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Easterday v. Village of Deerfield: Defending local authority to enact effective gun safety regulations.

    Case Information: Easterday, et al. v. Village of Deerfield, Ill., No. 126849 (Ill. amicus brief filed June 23, 2021)

    At Issue: Home rule jurisdictions in Illinois derive their power directly from the state constitution, which empowers those jurisdictions to regulate for the protection of public health and safety. In the wake of the 2018 mass shooting at a high school in Parkland, Florida, the Village of Deerfield used its broad home rule authority to strengthen local firearm regulations by implementing an assault weapons ban to protect its citizens from similar mass shootings. Plaintiffs sought to have the local gun safety regulation struck down under Illinois’s preemption law, but the Illinois intermediate appellate court upheld Deerfield’s regulation. Plaintiffs appealed to the Illinois Supreme Court.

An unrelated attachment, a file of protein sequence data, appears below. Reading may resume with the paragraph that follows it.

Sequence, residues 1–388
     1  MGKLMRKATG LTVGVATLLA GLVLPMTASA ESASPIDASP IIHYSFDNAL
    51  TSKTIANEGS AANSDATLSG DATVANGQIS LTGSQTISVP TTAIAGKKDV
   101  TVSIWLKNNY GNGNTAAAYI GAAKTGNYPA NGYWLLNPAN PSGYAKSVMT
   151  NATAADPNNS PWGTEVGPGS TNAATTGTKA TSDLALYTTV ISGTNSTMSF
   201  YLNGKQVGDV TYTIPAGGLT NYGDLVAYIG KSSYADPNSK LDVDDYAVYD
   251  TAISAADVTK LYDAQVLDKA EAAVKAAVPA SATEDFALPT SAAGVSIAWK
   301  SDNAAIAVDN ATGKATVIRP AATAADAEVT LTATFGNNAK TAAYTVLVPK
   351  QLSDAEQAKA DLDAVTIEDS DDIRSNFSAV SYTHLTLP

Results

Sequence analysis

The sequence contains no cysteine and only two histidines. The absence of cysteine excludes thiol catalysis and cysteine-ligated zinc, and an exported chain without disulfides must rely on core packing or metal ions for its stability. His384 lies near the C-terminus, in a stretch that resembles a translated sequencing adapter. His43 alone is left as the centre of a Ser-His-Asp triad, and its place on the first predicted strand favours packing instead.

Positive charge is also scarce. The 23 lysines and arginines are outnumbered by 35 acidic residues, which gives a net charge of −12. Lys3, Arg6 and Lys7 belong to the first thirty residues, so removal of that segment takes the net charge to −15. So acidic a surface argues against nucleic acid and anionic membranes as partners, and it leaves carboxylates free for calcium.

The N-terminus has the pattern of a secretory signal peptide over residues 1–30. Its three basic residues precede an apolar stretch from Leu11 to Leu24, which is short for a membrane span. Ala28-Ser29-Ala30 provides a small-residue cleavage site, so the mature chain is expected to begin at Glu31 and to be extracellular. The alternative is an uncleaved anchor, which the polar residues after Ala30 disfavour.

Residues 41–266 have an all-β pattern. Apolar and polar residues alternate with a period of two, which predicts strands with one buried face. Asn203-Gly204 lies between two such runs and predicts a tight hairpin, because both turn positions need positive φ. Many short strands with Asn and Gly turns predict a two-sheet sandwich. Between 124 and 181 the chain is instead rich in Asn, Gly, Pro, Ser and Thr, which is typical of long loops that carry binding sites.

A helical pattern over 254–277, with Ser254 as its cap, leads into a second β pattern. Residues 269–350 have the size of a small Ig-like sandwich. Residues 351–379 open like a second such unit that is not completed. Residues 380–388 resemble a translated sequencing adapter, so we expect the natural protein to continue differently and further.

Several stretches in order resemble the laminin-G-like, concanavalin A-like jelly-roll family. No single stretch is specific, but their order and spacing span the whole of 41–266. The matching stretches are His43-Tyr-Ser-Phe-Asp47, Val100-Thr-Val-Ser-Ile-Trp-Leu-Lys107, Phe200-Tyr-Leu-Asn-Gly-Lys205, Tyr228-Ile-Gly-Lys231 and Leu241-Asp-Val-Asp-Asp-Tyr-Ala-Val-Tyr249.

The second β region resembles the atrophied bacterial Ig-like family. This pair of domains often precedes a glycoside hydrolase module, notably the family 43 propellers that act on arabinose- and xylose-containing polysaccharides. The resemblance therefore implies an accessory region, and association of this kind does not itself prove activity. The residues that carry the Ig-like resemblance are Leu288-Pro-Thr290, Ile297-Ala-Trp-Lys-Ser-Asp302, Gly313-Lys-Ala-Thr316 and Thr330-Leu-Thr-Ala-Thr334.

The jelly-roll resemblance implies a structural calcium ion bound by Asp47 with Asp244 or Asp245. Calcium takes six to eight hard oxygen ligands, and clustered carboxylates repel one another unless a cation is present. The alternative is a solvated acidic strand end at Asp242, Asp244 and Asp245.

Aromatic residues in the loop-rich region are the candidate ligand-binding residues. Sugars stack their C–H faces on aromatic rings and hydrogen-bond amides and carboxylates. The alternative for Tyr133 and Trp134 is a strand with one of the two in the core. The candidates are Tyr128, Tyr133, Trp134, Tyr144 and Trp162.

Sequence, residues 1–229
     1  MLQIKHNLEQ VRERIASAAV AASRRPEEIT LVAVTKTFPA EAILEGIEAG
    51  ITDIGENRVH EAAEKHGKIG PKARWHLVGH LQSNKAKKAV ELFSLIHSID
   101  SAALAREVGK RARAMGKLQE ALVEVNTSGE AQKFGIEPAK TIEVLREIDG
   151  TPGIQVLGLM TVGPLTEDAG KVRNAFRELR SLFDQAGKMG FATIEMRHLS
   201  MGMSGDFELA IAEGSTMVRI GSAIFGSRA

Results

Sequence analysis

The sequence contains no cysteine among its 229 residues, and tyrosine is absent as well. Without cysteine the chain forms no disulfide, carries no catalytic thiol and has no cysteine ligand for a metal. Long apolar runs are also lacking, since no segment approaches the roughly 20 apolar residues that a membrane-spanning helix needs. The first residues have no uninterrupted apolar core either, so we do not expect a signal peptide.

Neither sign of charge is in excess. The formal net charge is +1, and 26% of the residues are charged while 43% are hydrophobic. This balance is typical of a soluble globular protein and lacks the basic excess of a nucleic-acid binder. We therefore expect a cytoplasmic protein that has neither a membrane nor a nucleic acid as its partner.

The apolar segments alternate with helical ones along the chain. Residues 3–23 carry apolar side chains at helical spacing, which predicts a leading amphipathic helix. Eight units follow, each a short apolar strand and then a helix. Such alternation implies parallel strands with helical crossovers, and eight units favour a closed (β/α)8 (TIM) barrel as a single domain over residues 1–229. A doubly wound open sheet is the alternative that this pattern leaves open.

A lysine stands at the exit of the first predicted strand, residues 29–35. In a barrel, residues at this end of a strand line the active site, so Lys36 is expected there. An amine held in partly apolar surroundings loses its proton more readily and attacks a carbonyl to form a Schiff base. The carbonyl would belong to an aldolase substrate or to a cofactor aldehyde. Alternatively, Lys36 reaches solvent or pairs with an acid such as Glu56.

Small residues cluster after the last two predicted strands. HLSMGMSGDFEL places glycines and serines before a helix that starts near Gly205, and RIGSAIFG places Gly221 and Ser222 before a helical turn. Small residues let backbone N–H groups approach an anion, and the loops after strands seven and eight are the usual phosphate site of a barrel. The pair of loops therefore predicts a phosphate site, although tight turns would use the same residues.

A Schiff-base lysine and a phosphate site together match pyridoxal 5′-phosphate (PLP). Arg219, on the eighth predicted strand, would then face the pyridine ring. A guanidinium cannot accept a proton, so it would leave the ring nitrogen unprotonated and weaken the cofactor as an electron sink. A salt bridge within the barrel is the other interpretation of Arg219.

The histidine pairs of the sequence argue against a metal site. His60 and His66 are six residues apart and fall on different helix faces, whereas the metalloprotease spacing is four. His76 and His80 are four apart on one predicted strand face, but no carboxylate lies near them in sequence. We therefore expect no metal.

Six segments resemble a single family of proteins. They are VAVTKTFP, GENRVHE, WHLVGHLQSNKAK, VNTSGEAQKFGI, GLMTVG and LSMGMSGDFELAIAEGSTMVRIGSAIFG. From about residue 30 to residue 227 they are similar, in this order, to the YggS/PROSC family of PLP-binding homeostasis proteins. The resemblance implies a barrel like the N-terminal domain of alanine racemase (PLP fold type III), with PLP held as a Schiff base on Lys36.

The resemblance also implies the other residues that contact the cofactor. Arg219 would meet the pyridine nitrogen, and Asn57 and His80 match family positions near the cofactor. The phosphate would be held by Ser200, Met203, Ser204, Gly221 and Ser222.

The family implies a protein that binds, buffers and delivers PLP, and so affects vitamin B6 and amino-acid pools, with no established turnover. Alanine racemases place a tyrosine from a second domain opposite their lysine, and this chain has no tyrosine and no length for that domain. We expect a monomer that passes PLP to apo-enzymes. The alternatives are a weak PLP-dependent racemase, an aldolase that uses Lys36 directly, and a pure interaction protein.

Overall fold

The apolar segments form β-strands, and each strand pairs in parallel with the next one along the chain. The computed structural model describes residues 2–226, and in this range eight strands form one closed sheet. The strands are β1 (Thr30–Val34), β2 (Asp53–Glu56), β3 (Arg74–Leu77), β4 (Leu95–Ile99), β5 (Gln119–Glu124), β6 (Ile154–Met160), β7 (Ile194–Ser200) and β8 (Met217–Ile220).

Our Brief: In a brief filed jointly with Everytown Law and the Gun Violence Prevention Action Committee, we argue that the Village of Deerfield acted within its broad home rule authority to enact a local gun safety regulation. That conclusion is consistent with the intermediate appellate court’s holding, finding in Deerfield’s favor. In enacting the current state constitution, Illinois lawmakers clearly expressed their intention to give local jurisdictions broad regulatory authority, and created a statewide presumption in favor of home rule authority. Local regulation to promote gun safety plainly falls well within the broad constitutional grant of home rule authority to protect public health, safety, morals and welfare. Moreover, the constitutional delegates explicitly contemplated that Illinois’ presumption in favor of home rule authority would apply in the context of local firearm regulations. Even broad firearm regulations have been upheld based in part on theories of home rule authority. Finally, Deerfield’s chosen solution to protect its residents from gun violence—an assault weapons ban—has been empirically shown to significantly reduce mass shooting fatalities.

    Read the full text of our amicus brief here.